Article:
On Sunday, my second day in Florida, I booked my flight to Buenos Aires on the 2nd and from Santiago to Miami on the 15th. I also started going through the boxes I had packed before leaving for INSEAD. I forgot how much junk I actually own… I have several boxes full of souvenirs from different periods of my life, from birth to elementary school to summer camps. I’m glad I actually kept that stuff, and I hope to be able to enjoy it for the rest of my life. The only problem is that the boxes multiply as the years pass by. I repacked some, and discarded certain insignificant items. I brought down and stacked all the boxes into the entrance hall to make it easier for the movers, and to do a little exercise. I didn’t have the courage to go through my all my clothes, 90% of which should go to the garbage or donation bin. My clothes must have at least 5-7 years on average, so I will need to go shopping before work starts. I actually hate clothes shopping, which is why my gear is so dated.
On Monday, I continued to stack boxes and inspect my furniture. The rep from the moving company estimated that I had about 3000 pounds of stuff. I was also informed that the movers would come on Wednesday around 1pm, which leaves me plenty of time to go to MIA and catch the AA flight to EZE. I booked my return flight to Canada to connect perfectly with the return flight from South America, giving me 3 hours between the two at MIA. On Monday evening, I prepared a meal for George, a friend staying at my parent’s, and his “little brother”, Chad. I prepared salmon as appetizer and a rack of lamb as main. We also had cheese, but didn’t make it all the way to the Key Lime pie.
On Tuesday morning, I slept in before going for ribs at Houston’s with George. Frequent readers will recall my description and picture from the Houston’s ribs around Christmas time last year. World’s best! (Special mention to Baton Rouge, a chain in Canada) I also visited George’s new house near my parent’s. It’s about 20 years old, so he’s renovating it thoroughly. I think it will look very good. I didn’t have very much to do in the afternoon, so I volunteered to prepare dinner. I purchased an unusually large whole yellowfin snapper, which I intended to BBQ. I was concerned that the outside would burn and the inside wouldn’t cook, so I deviated from the typical BBQ technique by placing a layer of restaurant-grade foil on the BBQ and cooking the fish on it. The result was very encouraging. It was very easy to flip the fish around, and it stayed nicely in one piece. I served it straight up, with Milos’s “My Sister’s” Olive oil and capers. The filets came right off the fish, leaving all bones behind. My dad, the yellowfin expert in the family, would have been proud!
On Wednesday, I prepared my backpack for my two-week trip to South America. I didn’t want to do any laundry while over there, so I actually packed a lot (too much). I managed to make it all fit in my 70-liter bag, which is on its last miles. One zipper is completely bust, so I am keeping it closed with safety pins. The movers were right on time, and did a fantastic job of wrapping up my belongings and managed to move everything without damaging neither the merchandise nor the house. It took them just under 3 hours to complete the job of doing the inventory, marking every item and stacking it safely in the truck. I tried to make myself useful around the house by backwashing the almost overflowing pool, but ended up busting the hose and flooding the lawn… At least I learned from my mistake… George prepared yellowfin sandwiches while I completed my last tasks in Florida. Fortunately, I checked my email right before leaving for the airport. Tapan informed Leo and I that he was refused boarding at CDG because he did not hold an American transit visa and would be delayed a few days.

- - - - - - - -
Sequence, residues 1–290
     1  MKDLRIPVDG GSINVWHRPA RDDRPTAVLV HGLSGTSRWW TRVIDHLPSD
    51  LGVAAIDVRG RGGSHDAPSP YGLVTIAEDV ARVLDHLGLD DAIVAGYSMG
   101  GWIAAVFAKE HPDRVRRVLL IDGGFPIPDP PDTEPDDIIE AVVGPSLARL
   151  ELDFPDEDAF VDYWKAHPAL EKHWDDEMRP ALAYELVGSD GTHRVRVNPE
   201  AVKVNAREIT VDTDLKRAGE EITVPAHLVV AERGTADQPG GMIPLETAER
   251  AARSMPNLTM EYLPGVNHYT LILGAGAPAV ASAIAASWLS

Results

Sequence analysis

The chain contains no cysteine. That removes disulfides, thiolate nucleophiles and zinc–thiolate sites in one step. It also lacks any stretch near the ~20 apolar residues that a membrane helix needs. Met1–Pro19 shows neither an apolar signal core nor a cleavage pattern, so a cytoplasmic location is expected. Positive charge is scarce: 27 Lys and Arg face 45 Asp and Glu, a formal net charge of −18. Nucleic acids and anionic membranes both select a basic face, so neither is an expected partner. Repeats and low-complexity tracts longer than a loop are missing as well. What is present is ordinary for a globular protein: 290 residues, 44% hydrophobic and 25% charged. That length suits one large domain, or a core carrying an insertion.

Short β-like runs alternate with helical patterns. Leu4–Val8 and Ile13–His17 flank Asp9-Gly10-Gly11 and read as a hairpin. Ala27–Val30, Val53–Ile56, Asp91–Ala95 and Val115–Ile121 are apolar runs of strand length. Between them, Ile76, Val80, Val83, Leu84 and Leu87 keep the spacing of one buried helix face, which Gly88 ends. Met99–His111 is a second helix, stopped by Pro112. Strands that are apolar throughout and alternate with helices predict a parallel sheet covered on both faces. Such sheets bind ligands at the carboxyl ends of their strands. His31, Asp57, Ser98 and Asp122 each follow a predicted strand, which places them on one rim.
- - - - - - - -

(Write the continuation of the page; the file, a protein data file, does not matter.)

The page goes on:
He then drove me to the Tri-Rail station, which goes directly to MIA. It was the first time I ever took the train, and my experience was positive overall. The conductor was hilarious, making jokes every time he came on the microphone. There was a problem with the air conditioning. He started it at every station, but it would stay on for a minute and stop functioning. Florida in the summer is not particularly pleasant without air conditioning, so the train felt more like an oven. Also of note, the ticket controller in the train actually carried a pistol.
At MIA, I checked in for my flight, and watched the TSA officer man-handle my backpack as if it was a bag of manure. I had a slice of Sbarro pizza, a couple of Heinekens, and boarded my flight. I was happy to find out that I had the bulkhead, which gave me nice legroom. As I cracked Dan Brown’s Da Vinci Code open, I looked forward to meeting Leo, and eventually Tapan in Buenos Aires.